The Mysterious Mr. Marsh: Crawley’s Secret Storyteller Exhibition
Exhibition Launch Night at Crawley Library, May 9th
This exhibition celebrates the life and work of Richard Marsh (1857-1915), author of a diverse range of genre fiction, but most famous for his Gothic horror, crime thrillers and Doyle-esque detective stories (although unusually featuring a female detective, Judith Lee). Marsh was enormously popular in his time. Indeed, in 1910 Marsh’s publishers felt able to call him ‘the most popular living author’, and his creepy 1897 masterpieceThe Beetle famously outsold its close rival Dracula (also 1897) for many years.
Marsh himself led a fascinating and colourful life. Indeed, the consistent blurring of boundaries between reality and fiction in his personal life (his real name, for instance, was Richard Bernard Heldmann) in many ways complemented the recurring concerns around identity that are characteristic of his writing. Marsh also lived for almost all of his professional career, and wrote his most important work, in Three Bridges (1891-1910, present-day Crawley). This exhibition aims, therefore, to raise the profile of Marsh’s work with a wider public audience, whilst engaging with him as a figure of renewed interest and emerging significance within his local, as well as broader historical, context.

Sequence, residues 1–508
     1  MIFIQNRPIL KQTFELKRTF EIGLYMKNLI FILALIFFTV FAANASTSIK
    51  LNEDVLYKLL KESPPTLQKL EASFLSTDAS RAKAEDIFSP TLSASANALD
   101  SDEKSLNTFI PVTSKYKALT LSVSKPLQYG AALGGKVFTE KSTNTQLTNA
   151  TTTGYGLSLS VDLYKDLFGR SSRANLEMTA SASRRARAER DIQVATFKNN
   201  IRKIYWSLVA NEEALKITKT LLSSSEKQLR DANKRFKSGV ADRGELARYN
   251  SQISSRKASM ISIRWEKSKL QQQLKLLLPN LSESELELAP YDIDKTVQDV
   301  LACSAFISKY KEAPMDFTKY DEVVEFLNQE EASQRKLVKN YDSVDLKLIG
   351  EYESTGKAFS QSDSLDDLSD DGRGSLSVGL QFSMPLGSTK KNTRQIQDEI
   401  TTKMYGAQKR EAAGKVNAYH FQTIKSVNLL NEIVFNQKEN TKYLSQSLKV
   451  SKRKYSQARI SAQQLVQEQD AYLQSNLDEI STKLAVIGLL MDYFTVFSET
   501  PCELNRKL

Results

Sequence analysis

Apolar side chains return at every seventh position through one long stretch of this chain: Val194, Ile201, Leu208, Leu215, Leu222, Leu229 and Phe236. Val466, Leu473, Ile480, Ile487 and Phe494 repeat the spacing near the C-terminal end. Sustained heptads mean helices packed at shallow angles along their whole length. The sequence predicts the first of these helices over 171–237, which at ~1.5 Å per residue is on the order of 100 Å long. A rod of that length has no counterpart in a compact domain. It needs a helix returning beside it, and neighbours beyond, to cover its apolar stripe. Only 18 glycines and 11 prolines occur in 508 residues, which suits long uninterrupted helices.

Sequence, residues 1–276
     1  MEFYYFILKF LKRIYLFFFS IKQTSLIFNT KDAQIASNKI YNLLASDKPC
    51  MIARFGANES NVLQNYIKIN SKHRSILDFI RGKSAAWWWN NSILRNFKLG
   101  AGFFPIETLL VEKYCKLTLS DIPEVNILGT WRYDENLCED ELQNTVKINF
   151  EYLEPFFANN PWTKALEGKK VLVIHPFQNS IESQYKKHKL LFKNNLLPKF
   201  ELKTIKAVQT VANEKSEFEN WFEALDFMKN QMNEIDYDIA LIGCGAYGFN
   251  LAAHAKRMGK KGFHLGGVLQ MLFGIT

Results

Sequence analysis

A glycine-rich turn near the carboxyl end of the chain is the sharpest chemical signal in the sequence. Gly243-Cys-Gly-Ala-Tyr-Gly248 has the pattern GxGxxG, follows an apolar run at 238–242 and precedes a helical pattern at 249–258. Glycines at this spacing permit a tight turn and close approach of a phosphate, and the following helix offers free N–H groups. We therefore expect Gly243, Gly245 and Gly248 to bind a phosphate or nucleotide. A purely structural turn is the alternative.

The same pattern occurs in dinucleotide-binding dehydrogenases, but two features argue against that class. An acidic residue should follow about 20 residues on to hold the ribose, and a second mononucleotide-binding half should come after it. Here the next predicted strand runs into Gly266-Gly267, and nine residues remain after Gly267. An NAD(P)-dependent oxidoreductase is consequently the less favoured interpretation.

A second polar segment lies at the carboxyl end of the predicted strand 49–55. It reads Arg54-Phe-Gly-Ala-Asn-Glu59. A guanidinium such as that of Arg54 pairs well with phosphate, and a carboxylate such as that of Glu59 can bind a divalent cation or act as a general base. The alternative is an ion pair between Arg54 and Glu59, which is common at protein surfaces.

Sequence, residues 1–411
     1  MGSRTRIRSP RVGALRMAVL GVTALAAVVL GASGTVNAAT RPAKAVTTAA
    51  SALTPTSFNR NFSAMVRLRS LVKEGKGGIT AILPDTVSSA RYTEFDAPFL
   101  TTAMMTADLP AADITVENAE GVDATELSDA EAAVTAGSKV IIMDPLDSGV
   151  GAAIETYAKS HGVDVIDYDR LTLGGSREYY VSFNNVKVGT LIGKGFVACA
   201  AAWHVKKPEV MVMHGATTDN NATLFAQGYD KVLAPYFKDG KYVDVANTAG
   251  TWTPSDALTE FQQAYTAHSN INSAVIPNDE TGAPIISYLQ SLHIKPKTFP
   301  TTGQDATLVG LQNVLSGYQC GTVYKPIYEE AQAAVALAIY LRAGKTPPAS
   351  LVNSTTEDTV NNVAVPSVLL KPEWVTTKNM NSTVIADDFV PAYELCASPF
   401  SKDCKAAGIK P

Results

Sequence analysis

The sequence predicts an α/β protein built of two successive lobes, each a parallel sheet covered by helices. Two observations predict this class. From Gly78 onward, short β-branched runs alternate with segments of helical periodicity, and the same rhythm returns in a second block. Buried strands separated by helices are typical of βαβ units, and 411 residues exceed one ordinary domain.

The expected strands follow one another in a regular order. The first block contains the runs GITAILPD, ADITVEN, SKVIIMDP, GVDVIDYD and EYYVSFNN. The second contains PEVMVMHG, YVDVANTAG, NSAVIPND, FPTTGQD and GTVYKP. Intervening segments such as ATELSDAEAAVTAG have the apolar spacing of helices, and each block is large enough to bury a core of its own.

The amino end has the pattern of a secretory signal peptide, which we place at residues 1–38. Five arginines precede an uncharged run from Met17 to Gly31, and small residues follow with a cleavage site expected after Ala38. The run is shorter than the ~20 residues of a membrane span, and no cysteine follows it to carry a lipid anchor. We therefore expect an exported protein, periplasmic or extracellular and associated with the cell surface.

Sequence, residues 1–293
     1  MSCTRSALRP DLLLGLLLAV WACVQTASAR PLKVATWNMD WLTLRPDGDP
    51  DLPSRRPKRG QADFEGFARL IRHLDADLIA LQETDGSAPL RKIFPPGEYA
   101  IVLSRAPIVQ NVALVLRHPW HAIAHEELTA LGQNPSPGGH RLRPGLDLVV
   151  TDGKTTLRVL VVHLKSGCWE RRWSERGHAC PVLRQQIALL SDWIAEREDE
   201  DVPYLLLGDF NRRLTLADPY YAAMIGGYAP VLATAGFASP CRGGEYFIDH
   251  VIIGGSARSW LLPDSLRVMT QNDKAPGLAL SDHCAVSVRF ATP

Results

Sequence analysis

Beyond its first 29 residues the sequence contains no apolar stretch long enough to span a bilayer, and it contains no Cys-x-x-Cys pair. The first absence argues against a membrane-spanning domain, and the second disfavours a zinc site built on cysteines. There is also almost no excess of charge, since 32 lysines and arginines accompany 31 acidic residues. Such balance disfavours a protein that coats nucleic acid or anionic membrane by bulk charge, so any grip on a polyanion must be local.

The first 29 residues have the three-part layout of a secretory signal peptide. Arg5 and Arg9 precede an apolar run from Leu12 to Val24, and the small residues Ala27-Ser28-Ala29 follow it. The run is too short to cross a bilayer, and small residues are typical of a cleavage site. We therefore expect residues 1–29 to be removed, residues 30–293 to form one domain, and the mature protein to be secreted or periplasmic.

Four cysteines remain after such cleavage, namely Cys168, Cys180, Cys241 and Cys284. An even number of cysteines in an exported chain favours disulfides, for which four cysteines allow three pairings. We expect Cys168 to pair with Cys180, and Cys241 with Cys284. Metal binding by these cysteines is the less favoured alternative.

Exhibition Launch Night: May 9th, 7.30pm (for an 8pm start)
Venue: Crawley Library, West Sussex
The launch itself will involve discussions with leading scholars introducing Marsh’s work, performances by members of Crawley-based theatre company Pitchy Breath adapting key scenes from his novels, and a look around the exhibition over a glass or two of complementary wine. It should be a relaxed and illuminating evening celebrating the work of this compelling writer in the town that he called home.
Limited tickets available from Crawley Library or
on-line via: www.richard-marsh.com
Exhibition runs from May 9th until August 9th, 2013.
Organised by: Dr. Graeme Pedlingham (University of Sussex)
Part of the Culture Rich project. Supported by the AHRC, University of Sussex and West Sussex County Council in partnership